Joerg

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Joerg last won the day on April 23

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About Joerg

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    www.sartar.de

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  • RPG Biography
    Former president of Deutsche RuneQuest-Gesellschaft aka Chaos Society, Glorantha know-it-all (almost), some mentions in Glorantha publications
  • Current games
    Occasional HQG, RQ and Cthulhu
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    Kiel
  • Blurb
    Into rpgs since1984, into world building since the 70ies, into RQ since 1989, active on RQ-Daily and successors since 1993
  1. I am working on a psi-free space opera setting, but then I wouldn't call it old school space opera - too much influence from transhumanist tendencies (beyond Lensmen, the Homanx Meliorare or the Childe cycle advanced humanity wars). I never understood why the Mohs hardness of space operas was rather strict in the technology but barely above cotton in terms of psionics. No idea how notorious the series ever became in English-speaking circles, but the ongoing (! OMG!) German "Perry Rhodan" pulp SF series which started in 1961 had plenty of psionics and mediocre writing, which sort of soured my tolerance for psionics or other kinds of spellcraft in SF. I can appreciate a Psionics and Space setting like that Aeon Trinity game for the Storyteller system, but am somewhat allergic to Space with Psionics, even if that includes Star Trek and Babylon 5 (the latter being excused because psionics turned out to be a significant plot element). Fairytale Space (aka Star Wars) works fine within its own limits, too. What time and style are we talking about when saying old school space opera anyway? Heinlein's Starship troopers and/or Dickson's Dorsai? Flash Gordon and Buck Rogers? Schmitz' Telzey and Trigger or Laumer's Retief? Poul Anderson's Flandry and van Rijn novels? Or more recent ones like C.J. Cherryh's Union/Alliance setting or its Chanur extension? I suspect that any of those I mentioned will still incur licensing fees. How high would those be - anyone in the know? My own experiences are limited to Glorantha and Midkemia as settings or products which incur licensing fees.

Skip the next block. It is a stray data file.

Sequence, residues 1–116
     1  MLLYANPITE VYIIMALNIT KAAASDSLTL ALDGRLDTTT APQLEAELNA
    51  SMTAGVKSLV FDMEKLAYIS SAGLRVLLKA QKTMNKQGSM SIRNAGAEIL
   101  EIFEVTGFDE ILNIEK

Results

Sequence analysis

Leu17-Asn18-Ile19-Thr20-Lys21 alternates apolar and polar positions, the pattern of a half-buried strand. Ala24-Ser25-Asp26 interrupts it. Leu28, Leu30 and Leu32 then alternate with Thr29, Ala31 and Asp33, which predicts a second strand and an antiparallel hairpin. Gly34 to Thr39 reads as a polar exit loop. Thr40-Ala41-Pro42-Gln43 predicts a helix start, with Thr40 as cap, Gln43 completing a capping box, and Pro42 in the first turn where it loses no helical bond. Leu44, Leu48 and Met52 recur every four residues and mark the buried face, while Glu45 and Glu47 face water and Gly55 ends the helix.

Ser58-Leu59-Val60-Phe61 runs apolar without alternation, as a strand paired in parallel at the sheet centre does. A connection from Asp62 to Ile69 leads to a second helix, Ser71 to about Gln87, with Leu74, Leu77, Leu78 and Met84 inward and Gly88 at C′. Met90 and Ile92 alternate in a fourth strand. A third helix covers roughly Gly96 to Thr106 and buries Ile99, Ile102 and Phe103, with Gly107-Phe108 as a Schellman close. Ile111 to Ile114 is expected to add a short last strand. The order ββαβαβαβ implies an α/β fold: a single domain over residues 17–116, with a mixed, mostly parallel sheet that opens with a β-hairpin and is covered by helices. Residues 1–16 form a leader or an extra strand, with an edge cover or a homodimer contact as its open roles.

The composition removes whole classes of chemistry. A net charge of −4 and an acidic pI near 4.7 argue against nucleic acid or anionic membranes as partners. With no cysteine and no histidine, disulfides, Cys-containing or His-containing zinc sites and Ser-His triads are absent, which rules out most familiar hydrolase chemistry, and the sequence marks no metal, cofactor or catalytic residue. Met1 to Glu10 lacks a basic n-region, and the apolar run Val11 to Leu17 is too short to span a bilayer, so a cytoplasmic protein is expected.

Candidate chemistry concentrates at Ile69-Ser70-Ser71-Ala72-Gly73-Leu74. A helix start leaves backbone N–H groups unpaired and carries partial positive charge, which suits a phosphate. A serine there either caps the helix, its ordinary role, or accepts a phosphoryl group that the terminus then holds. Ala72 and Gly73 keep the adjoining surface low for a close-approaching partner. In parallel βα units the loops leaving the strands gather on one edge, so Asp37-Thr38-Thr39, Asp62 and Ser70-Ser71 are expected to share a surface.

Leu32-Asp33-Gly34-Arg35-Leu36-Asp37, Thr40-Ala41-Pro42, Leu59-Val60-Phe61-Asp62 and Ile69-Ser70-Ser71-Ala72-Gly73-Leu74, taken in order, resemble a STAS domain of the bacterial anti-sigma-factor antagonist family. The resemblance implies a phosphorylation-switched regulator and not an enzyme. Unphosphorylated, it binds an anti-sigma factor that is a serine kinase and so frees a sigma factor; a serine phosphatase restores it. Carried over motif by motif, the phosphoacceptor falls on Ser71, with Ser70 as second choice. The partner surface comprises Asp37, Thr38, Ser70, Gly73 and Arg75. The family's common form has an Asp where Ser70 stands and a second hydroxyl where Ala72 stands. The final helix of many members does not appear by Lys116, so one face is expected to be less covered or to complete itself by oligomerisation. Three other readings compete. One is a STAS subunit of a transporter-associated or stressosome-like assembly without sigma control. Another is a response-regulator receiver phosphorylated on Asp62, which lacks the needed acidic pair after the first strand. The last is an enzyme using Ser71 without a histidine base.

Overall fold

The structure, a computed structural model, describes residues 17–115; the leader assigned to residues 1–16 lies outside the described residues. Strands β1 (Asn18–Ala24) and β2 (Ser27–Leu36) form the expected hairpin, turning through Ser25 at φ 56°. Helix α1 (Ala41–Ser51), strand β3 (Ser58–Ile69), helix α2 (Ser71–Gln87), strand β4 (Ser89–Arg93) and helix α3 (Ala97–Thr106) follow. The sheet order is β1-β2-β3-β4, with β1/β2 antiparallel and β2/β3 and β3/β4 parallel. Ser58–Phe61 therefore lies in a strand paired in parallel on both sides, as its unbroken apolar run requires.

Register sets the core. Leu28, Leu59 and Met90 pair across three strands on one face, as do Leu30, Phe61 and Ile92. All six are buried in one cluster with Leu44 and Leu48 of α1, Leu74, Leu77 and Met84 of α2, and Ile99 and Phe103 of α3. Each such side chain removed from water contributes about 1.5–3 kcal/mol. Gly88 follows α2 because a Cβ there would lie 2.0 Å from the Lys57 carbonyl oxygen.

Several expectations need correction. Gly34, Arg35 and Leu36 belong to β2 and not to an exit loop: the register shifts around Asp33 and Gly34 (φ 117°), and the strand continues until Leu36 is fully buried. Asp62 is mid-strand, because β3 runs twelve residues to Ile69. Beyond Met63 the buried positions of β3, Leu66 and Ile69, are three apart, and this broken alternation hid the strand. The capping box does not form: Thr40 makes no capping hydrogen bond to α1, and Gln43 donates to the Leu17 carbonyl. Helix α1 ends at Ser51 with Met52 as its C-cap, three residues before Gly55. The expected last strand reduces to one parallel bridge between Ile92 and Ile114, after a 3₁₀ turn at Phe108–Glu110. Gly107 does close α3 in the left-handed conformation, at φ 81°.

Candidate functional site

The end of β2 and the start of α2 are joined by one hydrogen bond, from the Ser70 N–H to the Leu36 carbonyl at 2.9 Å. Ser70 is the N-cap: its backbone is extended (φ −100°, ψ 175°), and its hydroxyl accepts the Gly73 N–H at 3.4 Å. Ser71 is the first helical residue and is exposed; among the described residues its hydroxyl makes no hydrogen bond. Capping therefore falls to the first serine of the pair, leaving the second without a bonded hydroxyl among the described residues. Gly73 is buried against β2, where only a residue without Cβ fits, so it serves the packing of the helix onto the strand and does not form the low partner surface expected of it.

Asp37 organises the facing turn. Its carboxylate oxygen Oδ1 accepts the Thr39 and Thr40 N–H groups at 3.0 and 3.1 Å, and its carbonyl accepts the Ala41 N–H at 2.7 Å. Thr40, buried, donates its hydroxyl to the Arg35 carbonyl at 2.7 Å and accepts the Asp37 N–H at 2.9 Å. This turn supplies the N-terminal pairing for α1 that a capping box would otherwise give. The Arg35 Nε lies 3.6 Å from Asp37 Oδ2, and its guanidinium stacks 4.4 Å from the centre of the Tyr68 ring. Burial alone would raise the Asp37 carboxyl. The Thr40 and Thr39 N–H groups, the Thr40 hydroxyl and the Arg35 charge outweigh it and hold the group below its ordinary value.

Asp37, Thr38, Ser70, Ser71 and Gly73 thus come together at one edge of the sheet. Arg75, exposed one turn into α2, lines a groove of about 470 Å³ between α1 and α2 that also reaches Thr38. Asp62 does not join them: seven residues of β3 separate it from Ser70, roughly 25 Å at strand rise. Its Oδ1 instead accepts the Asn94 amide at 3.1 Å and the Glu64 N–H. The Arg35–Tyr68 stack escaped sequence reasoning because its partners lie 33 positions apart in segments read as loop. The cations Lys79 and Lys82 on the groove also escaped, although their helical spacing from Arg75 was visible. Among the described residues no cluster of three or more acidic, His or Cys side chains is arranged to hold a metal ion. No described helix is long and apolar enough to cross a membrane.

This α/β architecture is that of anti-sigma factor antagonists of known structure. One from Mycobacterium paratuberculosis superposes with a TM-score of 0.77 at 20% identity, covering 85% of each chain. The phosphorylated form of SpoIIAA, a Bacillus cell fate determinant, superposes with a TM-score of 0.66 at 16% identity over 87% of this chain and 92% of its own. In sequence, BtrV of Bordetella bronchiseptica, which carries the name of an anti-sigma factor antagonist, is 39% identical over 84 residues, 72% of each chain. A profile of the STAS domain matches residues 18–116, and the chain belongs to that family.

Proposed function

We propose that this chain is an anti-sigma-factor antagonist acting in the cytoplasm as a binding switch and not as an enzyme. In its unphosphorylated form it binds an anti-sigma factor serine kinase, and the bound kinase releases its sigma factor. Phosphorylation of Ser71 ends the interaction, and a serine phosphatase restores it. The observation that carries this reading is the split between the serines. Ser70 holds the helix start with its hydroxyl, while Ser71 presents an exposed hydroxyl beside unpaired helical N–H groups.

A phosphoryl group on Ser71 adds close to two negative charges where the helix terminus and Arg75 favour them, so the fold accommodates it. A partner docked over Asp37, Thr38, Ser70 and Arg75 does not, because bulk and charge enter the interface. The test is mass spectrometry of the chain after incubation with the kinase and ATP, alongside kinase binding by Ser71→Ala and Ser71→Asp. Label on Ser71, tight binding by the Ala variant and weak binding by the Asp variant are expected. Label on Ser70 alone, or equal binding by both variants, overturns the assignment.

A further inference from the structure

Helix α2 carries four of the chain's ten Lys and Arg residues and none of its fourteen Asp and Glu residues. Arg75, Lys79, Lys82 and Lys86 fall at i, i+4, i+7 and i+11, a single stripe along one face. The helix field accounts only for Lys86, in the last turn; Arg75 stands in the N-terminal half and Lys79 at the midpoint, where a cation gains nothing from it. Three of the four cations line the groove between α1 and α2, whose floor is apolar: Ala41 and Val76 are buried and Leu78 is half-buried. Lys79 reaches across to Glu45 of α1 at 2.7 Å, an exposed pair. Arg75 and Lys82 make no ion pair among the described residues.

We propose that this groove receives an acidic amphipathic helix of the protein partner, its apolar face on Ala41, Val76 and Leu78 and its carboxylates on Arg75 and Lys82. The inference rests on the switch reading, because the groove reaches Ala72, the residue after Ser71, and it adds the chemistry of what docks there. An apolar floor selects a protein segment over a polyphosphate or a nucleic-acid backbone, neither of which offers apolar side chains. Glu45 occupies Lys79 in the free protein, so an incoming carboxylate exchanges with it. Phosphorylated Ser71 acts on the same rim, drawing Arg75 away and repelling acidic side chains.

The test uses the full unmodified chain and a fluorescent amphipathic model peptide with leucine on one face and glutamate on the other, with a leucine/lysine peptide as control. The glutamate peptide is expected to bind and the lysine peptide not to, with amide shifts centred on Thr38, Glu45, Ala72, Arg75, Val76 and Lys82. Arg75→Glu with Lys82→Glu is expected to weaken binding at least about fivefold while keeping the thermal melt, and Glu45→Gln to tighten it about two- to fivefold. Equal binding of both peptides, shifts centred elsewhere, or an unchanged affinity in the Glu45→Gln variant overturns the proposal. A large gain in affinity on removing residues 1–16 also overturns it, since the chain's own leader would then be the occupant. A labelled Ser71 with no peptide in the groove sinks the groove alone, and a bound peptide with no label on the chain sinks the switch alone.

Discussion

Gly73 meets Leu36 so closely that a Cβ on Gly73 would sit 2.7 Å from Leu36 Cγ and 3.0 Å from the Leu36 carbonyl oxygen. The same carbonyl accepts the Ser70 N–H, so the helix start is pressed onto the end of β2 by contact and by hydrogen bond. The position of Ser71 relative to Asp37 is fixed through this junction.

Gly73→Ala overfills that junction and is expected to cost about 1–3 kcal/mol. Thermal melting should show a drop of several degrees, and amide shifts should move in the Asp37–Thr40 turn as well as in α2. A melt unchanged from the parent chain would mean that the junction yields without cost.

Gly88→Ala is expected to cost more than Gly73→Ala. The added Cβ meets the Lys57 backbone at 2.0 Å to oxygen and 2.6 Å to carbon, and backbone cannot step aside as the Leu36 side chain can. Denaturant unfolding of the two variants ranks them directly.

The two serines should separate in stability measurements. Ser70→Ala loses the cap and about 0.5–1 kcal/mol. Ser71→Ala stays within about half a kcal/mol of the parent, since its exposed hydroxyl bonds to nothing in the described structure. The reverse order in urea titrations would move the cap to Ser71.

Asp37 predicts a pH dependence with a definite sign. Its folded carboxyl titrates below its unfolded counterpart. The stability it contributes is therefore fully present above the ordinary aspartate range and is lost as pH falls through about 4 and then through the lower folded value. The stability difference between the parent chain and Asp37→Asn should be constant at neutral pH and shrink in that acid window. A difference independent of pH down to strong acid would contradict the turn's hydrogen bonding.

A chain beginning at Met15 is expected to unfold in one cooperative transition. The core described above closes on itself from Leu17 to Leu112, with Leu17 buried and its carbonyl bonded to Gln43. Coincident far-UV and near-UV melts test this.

2. Monasteries basically are somewhat closed societies which can (and often will) interact with the communities outside. Mediaeval christian monasteries provided centers of learning for the general clergy, for missionaries, and explored new technologies, too. Plenty of these were situated in cities rather than on remote mountain sides, although such could exist side by side (e.g. in Cyrenai, modern Girne, on Cyprus, which had an ancient hermitage high in the coastal mountains which later became a crusader castle, and a benedictine abbey much closer to the city proper, within its agricultural hinterland, plus small monastic communities inside the old city maintaining their own chapels). Dojos are centers for teaching, but don't necessarily involve a monastic or hermit lifestyle. Hermitages isolate the inhabitants from the world, and fairly often from one another as well. In Gloranthan context, the Retirement Towers of Sun County are hermitages, but so are high mountain caves, treetops, and similar reclused places for meditation or preaching. (Ironically, these recluses often attracted a lively group of followers, and some were basically projecting their insights in sermons. Maybe to an extent that preaching became a meditative practice...)
  3. That's a problem. BRP is excellent in adapting to a setting, but the Magic World (or Elric!) rules don't apply to just about any setting. They aren't limited to the Young Kingdoms, though - a friend of mine used them in the setting I built for my Fantasy Viking-themed RuneQuest3 campaign without feeling out of place, but then I had adopted magic from Ken St. Andre's Stormbringer game for some of those cultures, too. If you mean to use an already existing setting, there is always the question of license fees. Personally, I could have imagined the old Chaosium taking the license for Midkemia, re-publishing the excellent City of Carse supplement (and its sister products, including Tulan of the Isles, with rulesy bits for the characters in there. Midkemia as a gaming world is owned by Midkemia Press, and has rather broad distribution through the novels of Raymond Feist. Not likely to happen with the current Chaosium, but might be an ambitious project for some of the other branches of BRP. I admit that I am clueless about the chances on the anglophone market, though.
  4. That's about the official word of Greg how this is handled in HeroQuest, and I think that it depends on the school or method of mysticism you use.
  5. The Dragonewt magical effects are a form of mystic power, correct? They use a mechanic similar to divine magic to acquire the effects, but differ in duration and other aspects. Do you mean monasteries or hermitages? Arcane Lore p.41 mentions Dojos of draconic martial arts even for the Dragon Pass area, and from the text apparently in Modern Age Karse.